In T-Mobile’s case, the threat actor accessed the API for roughly 6 weeks. That is a LOT of time, and to think that it was all made possible because T-Mobile didn’t have their APIs cataloged, much less protected.
Traceable’s CSO, Richard Bird, did an analysis on the T-Mobile data breach. You can read that here.
This unauthorized API access exposed data including names, emails, phone numbers and birthdates as the source of the breach. T-Mobile stated that the bad actor did not obtain all data from every one of the 37 million customers affected. It was specifically prepaid and subscription customers who were impacted; hackers apparently also obtained data including the number of lines on the account and service plan features.
T-Mobile’s claim that no social security numbers, credit card information, government IDs, passwords, PINs, or financial information was exposed – but it doesn’t matter, in terms of ripple effects and the security of your data. The data stolen may not be the typical sensitive data, such as PII, PHI, or account information, but this stolen data still poses a huge threat to consumers. Phone numbers and email addresses, especially those that are known to be recent, can lead hackers TO more sensitive information.
With access to email addresses and phone numbers, consumers are at risk of identity theft, social engineering and phishing.
And that’s exactly what happened.
In February, a Google Fi hack victim’s Coinbase and MFA app were hijacked. It’s exactly how it sounds, a victim had his Coinbase account hacked, his MFA hijacked, and his outlook email compromised. And guess what? The most likely cause of this was the T-Mobile breach. Google Fi informed him and all customers, in a subsequent email, that hackers had stolen their information in connection with the T-Mobile breach.
Last week another domino fell in the telecom industry – with AT&T reporting a breach through a 3rd party marketing vendor affecting roughly 9 million accounts. In this case, they are not disclosing the cause of the breach, but this is still noteworthy because it is the third telecom breach in 6 months – and since access to your private information through 3rd party APIs is a major concern, and a likely culprit, it bears mentioning as further warning to the telecom industry to beef up their security measures both within company operations, and with your 3rd party vendors.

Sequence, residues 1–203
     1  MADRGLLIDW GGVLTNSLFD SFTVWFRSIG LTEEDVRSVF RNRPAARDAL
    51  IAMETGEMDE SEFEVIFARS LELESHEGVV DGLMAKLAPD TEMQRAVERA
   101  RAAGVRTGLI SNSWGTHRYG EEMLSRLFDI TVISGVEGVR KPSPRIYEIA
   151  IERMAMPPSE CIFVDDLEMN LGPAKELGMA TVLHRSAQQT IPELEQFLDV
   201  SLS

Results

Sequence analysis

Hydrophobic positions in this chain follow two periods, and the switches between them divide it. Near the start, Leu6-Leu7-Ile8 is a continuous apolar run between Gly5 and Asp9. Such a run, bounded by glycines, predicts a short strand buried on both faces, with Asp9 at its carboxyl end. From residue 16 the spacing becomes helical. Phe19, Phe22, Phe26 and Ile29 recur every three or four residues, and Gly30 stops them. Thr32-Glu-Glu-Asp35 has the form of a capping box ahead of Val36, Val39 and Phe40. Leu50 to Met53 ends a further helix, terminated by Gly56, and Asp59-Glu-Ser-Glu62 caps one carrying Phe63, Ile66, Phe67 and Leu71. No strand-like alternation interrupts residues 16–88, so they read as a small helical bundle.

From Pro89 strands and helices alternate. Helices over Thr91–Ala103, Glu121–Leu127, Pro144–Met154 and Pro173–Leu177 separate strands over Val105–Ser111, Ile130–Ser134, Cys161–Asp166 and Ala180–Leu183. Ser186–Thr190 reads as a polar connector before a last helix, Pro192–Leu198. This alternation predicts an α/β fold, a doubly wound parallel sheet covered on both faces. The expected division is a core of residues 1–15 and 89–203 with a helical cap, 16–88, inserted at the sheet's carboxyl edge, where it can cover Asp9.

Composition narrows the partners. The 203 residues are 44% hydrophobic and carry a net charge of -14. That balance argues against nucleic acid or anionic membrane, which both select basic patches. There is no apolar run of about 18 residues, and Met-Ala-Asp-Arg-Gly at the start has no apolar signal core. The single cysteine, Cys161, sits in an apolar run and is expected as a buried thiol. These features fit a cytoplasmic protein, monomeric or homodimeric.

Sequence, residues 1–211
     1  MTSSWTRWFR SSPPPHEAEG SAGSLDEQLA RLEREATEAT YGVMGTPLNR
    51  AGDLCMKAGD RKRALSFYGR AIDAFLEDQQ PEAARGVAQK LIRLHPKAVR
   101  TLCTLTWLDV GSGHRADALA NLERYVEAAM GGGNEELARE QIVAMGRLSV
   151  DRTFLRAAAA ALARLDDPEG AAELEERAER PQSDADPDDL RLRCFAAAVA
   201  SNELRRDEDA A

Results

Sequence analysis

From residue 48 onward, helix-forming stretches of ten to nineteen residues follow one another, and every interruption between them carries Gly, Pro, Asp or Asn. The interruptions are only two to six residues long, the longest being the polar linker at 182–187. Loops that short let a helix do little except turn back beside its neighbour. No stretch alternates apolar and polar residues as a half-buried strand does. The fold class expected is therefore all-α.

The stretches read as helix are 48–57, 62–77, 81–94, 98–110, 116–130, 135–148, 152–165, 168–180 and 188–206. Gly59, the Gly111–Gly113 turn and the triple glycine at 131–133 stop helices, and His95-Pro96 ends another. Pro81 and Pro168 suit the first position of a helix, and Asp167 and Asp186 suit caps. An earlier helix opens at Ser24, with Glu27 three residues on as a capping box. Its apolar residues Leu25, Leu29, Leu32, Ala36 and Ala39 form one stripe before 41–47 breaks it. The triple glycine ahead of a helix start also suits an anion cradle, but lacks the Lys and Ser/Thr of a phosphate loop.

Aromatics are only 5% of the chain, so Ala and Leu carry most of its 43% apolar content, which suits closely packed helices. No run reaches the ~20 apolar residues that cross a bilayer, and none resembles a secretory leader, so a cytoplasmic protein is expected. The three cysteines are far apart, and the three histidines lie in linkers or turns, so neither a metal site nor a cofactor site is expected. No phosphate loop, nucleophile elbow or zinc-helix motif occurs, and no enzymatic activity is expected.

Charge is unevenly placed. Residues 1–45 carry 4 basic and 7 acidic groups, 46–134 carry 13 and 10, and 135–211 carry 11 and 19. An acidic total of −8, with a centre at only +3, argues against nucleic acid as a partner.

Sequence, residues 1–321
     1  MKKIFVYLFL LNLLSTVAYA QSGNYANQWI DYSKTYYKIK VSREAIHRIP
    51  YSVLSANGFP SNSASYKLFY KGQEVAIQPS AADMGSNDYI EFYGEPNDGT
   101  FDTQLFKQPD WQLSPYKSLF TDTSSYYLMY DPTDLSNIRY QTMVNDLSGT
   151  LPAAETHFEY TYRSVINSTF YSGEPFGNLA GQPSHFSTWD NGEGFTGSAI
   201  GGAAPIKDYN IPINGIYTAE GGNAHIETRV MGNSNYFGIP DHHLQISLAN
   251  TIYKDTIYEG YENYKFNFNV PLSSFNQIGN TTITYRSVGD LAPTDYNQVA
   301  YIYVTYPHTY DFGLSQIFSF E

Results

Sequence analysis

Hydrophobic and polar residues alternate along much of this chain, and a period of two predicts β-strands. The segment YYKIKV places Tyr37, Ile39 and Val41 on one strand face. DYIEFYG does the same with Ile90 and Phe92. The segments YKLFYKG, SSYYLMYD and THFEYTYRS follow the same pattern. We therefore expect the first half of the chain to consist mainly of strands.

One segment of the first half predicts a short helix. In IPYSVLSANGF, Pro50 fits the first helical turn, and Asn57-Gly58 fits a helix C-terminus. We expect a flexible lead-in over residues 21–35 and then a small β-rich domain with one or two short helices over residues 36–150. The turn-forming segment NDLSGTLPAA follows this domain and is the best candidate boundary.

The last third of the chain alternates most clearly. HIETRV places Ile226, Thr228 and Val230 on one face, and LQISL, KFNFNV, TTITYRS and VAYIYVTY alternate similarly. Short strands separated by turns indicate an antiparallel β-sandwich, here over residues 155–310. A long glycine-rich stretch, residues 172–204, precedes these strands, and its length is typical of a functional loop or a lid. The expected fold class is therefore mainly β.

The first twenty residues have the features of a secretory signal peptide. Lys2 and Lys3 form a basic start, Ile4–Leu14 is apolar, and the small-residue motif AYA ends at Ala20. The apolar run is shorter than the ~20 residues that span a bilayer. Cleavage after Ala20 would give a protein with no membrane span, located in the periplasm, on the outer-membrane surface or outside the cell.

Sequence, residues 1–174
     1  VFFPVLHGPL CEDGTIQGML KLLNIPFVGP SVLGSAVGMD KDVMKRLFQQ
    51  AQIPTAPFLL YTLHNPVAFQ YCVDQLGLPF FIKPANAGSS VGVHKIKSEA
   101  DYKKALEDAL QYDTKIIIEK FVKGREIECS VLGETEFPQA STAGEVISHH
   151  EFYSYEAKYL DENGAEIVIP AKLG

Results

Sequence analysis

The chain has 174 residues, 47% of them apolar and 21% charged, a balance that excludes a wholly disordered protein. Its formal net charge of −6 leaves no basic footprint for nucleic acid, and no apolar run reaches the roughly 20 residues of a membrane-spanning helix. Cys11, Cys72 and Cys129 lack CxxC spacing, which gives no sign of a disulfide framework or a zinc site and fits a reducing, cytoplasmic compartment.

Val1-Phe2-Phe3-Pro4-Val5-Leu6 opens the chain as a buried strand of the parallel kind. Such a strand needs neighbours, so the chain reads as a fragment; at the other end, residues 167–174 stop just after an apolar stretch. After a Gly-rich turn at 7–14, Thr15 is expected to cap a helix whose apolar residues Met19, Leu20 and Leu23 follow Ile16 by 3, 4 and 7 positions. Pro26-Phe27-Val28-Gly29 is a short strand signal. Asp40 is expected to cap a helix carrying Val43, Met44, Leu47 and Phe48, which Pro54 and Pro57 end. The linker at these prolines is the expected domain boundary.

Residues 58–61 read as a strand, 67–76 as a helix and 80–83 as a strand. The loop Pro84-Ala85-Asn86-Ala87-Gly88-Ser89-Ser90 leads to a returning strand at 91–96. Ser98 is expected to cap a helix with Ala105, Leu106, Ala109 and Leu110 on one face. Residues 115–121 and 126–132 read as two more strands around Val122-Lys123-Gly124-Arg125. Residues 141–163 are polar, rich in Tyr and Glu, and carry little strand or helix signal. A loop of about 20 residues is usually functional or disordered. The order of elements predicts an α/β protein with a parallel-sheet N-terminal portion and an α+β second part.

According to Gartner, 94% of organizations use or are planning to use public APIs provided by third-parties; up from 52% in 2019. If these 3rd party APIs are not secured, this provides another avenue for attackers to access data.
These are not hypothetical examples. These are real-world, recent, large-scale examples of exactly what we’ve been warning. It is especially dire for industries like telecom – dealing in large amounts of highly sensitive data – expansive, consumer data.
Your APIs are your largest attack surface. Discover them before someone else does, and secure them. Regulations may begin to require cataloging of APIs in the telecom industry, as they have in Financial industries, but the most important step is the one you take after you discover and catalog your APIs: protecting them. The important decision of securing your APIs lies with your security team, and their priorities.
Traceable is the industry’s leading API security platform that identifies APIs, evaluates API risk posture, stops API attacks, and provides deep analytics for threat hunting and forensic research. With visual depictions of API paths at the core of its technology, its platform applies the power of distributed tracing and machine learning models for API security across the entire development lifecycle. Visual depictions provide insight into user and API behaviors to understand anomalies and block API attacks, enabling organizations to be more secure and resilient. Learn more at traceable.ai.